a short site about The Divine Comedy

Solidays Festival: Paris Hippodrome De Longchamp

"I'm sorry we're late. The PA blew up, then the PA blew up again. Then the PA blew up." It's a good job Neil Hannon, onetime foppish lothario now introspective bookish rocker behind The Divine Comedy, loves what he does. After braving pouring rain to play the Solidays festival in benefit of AIDS charities, Hannon's now coping with rubbish sound.

For a minute, it appears as though the band might have to play unplugged and Neil sing loud, very loud. He might as well have. Opening with 'Love What You Do', all we hear are the guitars, the vocals barely audible. The technicians are running around as the band is performing, trying to give the sound some balance. It's almost as if they're doing the soundcheck instead of a concert.

"I hope it sounds ok. It probably sounds shit." Neil exclaims. "But who cares. This is about having a good time." This less precious attitude exuded by the band reflects the rawer textures of their latest opus, evident as they kick into 'Bad Ambassador', and the sonics begin to improve. Guitarist Ivor Talbot shows off the new depth in sound of the regenerated Comedy. During 'Thrill Seeker', the vocals become more clear and the intensity of the sonorous guitars grows. From the melodic rock of 'Generation Sex' to the melancholic rock of 'Regeneration' - dedicated to the victims of the Strasburg concert tragedy - the musical growth is well-established. Perhaps it's a disappointment to some fans, but it's a transition which is acquiring them a new credibility as a rock band and a live act.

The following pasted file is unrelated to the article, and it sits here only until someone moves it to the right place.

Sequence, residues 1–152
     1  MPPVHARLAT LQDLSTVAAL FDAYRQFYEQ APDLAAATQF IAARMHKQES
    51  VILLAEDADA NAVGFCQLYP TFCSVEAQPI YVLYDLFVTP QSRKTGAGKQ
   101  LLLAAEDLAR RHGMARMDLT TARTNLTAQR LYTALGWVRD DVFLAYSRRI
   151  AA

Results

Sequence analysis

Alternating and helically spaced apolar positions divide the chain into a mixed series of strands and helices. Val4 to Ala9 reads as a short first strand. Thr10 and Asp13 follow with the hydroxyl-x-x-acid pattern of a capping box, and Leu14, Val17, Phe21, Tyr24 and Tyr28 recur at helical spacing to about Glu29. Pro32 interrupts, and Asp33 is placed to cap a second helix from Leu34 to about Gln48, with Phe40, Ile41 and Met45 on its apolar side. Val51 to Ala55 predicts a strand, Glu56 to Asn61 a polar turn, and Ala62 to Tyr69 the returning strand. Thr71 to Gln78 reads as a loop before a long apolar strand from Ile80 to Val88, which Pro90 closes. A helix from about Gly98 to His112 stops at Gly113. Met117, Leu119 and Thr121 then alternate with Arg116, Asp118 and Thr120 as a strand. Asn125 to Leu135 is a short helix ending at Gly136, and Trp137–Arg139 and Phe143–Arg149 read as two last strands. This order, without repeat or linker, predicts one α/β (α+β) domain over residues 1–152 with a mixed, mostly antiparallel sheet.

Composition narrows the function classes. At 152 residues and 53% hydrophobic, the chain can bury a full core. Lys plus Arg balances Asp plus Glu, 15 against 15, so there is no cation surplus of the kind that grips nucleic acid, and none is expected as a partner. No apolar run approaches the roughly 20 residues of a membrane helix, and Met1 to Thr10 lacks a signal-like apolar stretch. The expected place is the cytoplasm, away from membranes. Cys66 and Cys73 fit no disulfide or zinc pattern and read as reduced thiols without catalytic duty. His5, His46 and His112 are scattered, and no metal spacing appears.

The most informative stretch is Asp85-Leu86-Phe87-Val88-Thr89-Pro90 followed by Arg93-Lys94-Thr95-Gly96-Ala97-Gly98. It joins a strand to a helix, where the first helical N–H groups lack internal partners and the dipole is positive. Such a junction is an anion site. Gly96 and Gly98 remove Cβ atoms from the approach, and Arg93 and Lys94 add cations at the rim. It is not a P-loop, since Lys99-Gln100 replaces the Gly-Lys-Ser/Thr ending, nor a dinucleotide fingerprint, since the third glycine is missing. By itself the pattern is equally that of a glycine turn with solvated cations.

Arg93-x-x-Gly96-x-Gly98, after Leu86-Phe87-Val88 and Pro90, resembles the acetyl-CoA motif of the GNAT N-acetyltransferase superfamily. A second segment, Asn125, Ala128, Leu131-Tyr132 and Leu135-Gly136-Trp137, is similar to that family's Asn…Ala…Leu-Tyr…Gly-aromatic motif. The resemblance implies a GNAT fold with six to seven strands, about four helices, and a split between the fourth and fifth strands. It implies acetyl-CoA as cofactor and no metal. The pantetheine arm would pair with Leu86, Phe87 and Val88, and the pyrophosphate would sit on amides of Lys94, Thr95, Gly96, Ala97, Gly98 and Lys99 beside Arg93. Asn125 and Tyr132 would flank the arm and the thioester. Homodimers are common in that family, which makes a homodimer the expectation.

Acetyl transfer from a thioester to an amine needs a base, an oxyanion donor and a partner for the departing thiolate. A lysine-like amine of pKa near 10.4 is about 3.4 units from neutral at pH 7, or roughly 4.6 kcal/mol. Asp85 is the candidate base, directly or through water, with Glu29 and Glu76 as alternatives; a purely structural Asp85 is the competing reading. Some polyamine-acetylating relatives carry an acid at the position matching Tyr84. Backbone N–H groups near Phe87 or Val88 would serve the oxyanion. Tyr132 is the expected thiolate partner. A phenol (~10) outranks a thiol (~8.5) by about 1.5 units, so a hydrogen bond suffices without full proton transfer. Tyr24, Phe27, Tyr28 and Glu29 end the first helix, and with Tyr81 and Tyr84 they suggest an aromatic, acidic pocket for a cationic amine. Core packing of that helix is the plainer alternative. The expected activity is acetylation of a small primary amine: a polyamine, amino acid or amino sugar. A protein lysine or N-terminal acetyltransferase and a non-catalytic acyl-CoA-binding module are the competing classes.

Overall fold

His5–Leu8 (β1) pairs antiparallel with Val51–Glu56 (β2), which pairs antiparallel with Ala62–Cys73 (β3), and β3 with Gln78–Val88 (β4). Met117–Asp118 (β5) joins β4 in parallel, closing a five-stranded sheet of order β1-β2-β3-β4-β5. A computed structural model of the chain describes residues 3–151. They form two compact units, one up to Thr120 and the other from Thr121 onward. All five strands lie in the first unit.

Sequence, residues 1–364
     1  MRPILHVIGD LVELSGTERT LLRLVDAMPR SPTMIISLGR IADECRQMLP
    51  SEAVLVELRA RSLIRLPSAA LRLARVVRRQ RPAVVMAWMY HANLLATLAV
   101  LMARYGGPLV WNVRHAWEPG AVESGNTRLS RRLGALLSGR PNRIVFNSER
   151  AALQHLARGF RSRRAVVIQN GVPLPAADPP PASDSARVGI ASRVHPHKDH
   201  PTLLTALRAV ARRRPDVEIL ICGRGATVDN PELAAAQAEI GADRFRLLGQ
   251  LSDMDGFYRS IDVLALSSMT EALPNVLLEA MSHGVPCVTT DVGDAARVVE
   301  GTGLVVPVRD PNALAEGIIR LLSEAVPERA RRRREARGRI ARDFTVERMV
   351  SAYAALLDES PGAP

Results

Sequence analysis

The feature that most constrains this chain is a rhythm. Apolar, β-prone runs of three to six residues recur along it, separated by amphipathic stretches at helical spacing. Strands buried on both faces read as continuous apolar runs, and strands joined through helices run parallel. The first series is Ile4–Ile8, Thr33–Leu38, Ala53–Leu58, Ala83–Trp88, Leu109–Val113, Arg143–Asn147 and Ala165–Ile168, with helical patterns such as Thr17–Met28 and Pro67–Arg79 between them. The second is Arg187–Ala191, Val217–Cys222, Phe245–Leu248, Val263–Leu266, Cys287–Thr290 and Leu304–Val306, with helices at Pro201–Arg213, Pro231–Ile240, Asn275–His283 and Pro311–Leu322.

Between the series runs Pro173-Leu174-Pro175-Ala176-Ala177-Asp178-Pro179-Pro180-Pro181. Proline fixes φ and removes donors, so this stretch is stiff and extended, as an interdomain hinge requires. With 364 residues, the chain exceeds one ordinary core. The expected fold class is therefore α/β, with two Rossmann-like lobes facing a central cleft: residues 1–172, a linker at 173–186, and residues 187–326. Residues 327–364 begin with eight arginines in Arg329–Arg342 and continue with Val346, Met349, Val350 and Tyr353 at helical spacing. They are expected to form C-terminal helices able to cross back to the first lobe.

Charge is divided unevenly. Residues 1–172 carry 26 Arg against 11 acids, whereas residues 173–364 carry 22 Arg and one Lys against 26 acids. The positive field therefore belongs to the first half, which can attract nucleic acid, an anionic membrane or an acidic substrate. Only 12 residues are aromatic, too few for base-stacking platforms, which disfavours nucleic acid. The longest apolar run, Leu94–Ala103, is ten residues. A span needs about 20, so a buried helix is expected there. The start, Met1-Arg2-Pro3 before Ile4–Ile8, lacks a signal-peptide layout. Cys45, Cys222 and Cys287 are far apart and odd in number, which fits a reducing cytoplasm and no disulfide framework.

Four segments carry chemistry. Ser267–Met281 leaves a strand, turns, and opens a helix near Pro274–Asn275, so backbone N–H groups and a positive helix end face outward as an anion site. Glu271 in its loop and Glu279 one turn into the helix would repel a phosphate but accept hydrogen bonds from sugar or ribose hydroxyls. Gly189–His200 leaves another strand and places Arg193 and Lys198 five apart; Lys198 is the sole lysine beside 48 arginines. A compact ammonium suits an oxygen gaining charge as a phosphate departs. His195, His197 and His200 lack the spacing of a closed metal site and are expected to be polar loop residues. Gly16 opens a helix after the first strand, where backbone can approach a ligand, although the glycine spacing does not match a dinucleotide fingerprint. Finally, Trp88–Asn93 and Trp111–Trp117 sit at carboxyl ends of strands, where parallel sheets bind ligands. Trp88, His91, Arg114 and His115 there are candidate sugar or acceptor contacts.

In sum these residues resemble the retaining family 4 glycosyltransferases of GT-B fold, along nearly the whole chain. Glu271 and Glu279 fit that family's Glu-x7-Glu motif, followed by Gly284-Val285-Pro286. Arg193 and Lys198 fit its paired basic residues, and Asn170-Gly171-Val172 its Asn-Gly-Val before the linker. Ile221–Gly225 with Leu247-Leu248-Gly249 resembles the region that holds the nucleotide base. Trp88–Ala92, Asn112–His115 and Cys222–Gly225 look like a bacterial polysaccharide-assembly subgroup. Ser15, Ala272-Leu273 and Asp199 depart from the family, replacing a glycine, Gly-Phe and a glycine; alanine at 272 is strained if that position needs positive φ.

And Hannon's image has made the same transition as his music. With his fly sunglasses and long hair a la Kurt Cobain, Hannon looks a different man, a far cry from clean-cut image of yore. He even spills some beer during 'Perfect Love Song'.

But he was all apologies throughout the show, whether for the lack of sound or for too much sound, whether for the delay or for the premature "See you soon". "We're sorry we were so late. All I can say is, it wasn't our fault!" he says, justifying their brief, 45-minute set to the audience. "We know it was the French PA!" Who cares, everybody loves what you do.

Talia Soghomonian